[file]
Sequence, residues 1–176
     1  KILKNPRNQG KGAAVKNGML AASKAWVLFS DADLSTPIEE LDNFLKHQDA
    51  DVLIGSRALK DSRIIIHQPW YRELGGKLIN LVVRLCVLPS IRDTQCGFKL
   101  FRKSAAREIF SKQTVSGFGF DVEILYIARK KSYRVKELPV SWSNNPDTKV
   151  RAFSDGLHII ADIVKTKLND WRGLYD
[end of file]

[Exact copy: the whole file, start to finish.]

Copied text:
Sequence, residues 1–176
     1  KILKNPRNQG KGAAVKNGML AASKAWVLFS DADLSTPIEE LDNFLKHQDA
    51  DVLIGSRALK DSRIIIHQPW YRELGGKLIN LVVRLCVLPS IRDTQCGFKL
   101  FRKSAAREIF SKQTVSGFGF DVEILYIARK KSYRVKELPV SWSNNPDTKV
   151  RAFSDGLHII ADIVKTKLND WRGLYD